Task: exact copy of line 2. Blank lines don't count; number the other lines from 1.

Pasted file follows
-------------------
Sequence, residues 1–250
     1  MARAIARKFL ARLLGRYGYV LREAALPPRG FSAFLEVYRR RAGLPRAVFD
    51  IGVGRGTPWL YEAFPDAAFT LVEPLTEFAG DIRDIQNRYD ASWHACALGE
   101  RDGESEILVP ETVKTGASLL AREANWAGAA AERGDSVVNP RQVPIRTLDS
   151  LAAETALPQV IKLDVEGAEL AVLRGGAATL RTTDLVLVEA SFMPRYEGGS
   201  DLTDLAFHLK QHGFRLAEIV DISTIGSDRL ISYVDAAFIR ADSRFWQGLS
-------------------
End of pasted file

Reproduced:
     1  MARAIARKFL ARLLGRYGYV LREAALPPRG FSAFLEVYRR RAGLPRAVFD